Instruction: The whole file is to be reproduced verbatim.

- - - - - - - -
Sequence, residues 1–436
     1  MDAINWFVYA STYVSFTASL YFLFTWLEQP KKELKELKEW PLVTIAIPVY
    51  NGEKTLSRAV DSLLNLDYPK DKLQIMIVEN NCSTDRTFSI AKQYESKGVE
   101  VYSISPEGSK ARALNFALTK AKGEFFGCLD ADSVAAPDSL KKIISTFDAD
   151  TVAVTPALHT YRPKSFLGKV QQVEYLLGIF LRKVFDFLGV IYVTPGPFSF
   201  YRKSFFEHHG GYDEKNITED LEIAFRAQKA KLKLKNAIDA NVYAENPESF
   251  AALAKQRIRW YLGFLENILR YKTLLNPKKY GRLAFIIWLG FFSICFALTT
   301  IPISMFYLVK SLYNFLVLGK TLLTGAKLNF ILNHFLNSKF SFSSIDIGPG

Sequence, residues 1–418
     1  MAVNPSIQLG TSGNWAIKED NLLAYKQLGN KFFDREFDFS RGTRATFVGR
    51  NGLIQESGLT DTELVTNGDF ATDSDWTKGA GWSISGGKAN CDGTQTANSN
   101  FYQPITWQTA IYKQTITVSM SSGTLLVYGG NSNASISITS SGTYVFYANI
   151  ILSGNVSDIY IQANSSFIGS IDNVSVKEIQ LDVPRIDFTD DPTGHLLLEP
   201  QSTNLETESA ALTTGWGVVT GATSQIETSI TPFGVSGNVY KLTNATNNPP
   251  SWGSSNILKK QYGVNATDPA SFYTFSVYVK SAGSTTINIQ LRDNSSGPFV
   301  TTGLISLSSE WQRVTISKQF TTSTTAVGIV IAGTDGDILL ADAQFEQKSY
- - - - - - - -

Sequence, residues 1–436
     1  MDAINWFVYA STYVSFTASL YFLFTWLEQP KKELKELKEW PLVTIAIPVY
    51  NGEKTLSRAV DSLLNLDYPK DKLQIMIVEN NCSTDRTFSI AKQYESKGVE
   101  VYSISPEGSK ARALNFALTK AKGEFFGCLD ADSVAAPDSL KKIISTFDAD
   151  TVAVTPALHT YRPKSFLGKV QQVEYLLGIF LRKVFDFLGV IYVTPGPFSF
   201  YRKSFFEHHG GYDEKNITED LEIAFRAQKA KLKLKNAIDA NVYAENPESF
   251  AALAKQRIRW YLGFLENILR YKTLLNPKKY GRLAFIIWLG FFSICFALTT
   301  IPISMFYLVK SLYNFLVLGK TLLTGAKLNF ILNHFLNSKF SFSSIDIGPG

Sequence, residues 1–418
     1  MAVNPSIQLG TSGNWAIKED NLLAYKQLGN KFFDREFDFS RGTRATFVGR
    51  NGLIQESGLT DTELVTNGDF ATDSDWTKGA GWSISGGKAN CDGTQTANSN
   101  FYQPITWQTA IYKQTITVSM SSGTLLVYGG NSNASISITS SGTYVFYANI
   151  ILSGNVSDIY IQANSSFIGS IDNVSVKEIQ LDVPRIDFTD DPTGHLLLEP
   201  QSTNLETESA ALTTGWGVVT GATSQIETSI TPFGVSGNVY KLTNATNNPP
   251  SWGSSNILKK QYGVNATDPA SFYTFSVYVK SAGSTTINIQ LRDNSSGPFV
   301  TTGLISLSSE WQRVTISKQF TTSTTAVGIV IAGTDGDILL ADAQFEQKSY